The FGV professor considers that the number is “formidable” from the point of view of the population’s reaction to the campaigns carried out by the banks and the Central Bank itself. However, taking into account that the country has 175 million current accounts, the figure does not seem so representative. “If you imagine that a good part of the population is suspicious, you still don’t know what that instrument is, you suspect that this will mean control by the BC, that number seems low”, he says.

There, one of the obstacles of the digital agenda would enter: financial education, in the sense that the population understands what options are available, and to understand how to use the instruments. Among other challenges pointed out, it would also be “the clearing of the locks generated by the big banks”, according to Kasznar.

Who wins and who loses

If a person no longer needs to pay around ten reais to make a bank transfer, someone will stop earning. In a country like Brazil, in which the five largest banks concentrate 81% of the market, and profit high from tariffs, this initiative ended up being taken over by the state, unlike countries like China, where it was the private initiative that gave the cards.

Large banks will be negatively impacted by both PIX and open banking. With PIX, they lose considerable revenue from services such as TEDs and DOCs, although the cost is also reduced – from one real per operation to a few cents.

According to a survey by XP Investimentos, banks in Brazil have between 400 and 600 million reais of annual revenue in TEDs and DOCs. “But the main thing is not this: the main reason for you to pay a current account fee today is the basket of services. They give ‘x’ TEDs and DOCs per month for free. If it’s all free, why pay to have one account?”.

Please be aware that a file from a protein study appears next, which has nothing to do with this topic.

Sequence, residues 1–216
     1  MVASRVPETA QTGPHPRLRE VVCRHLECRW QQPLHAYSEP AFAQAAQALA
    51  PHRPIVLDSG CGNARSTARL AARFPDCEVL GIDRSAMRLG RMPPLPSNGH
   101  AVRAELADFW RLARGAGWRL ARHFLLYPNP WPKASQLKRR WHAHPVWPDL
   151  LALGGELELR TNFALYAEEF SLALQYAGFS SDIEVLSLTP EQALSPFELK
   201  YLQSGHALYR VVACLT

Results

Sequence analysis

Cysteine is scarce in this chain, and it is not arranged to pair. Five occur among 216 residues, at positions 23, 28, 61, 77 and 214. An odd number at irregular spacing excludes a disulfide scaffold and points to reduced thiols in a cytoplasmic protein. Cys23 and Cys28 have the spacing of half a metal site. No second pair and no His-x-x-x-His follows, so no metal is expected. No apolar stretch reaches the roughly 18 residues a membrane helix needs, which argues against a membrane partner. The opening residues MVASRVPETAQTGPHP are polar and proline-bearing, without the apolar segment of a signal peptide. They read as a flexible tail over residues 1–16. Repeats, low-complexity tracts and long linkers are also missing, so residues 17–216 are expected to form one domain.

In the case of Bradesco, for example, of the 101 billion in revenues in 2019, 33.6 billion reais were for services only. Of these, 7.7 billion reais came from current account fees. In Bain & Company’s estimate, by 2024 banks are expected to lose R $ 1 billion in operating margin from PIX transactions between individuals.

Although it is necessary to be linked to a current account to have access to the PIX, which could benefit the big banks, it is not necessary that it be paid, of course. With the new “entrants” in the markets, the fintechs, which offer checking accounts at zero cost, the big banks also lose. So much so that, of the keys registered in the new system, Nubank, which offers free accounts, concentrates almost the same number as four large banks combined.

In addition to PIX, open banking moves this highly concentrated market. Through it, the data of individuals and companies became accessible to all financial institutions.

The bank where you have always had your checking account, for example, knows how much you have operated for years, whether you have maintained a stable job or not, whether you are a good payer or not. With information like this, it is easier and cheaper to grant credit, because the risk of the institution giving a credit that does not return is less. With open banking, this information asymmetry, which was a barrier to entry for many smaller institutions in the credit market, is eliminated. In theory. In practice, it can be more complicated.

Open banking started a few years ago in England and has spread to other countries. “The idea is good, but what international experience is showing is that this has not been able to revert to a more efficient market”, evaluates the investor and former partner of BTG Pactual Gustavo Roxo.

According to Roxo, one of the hypotheses for not having been a resounding success, in addition to the economies already experiencing an environment of very low interest rates, is the fact that smaller companies have a more significant barrier to entry: the lack of capital. “They need to find a way to finance themselves, and that is much more complex.”

In the digitalization path, there are still cryptocurrencies, which for the time being still serve more speculation. But several countries and institutions plan to release their versions. BC President Roberto Campos Neto recently stated that Brazil should have its own cryptocurrency in 2022.

Author: Larissa Linder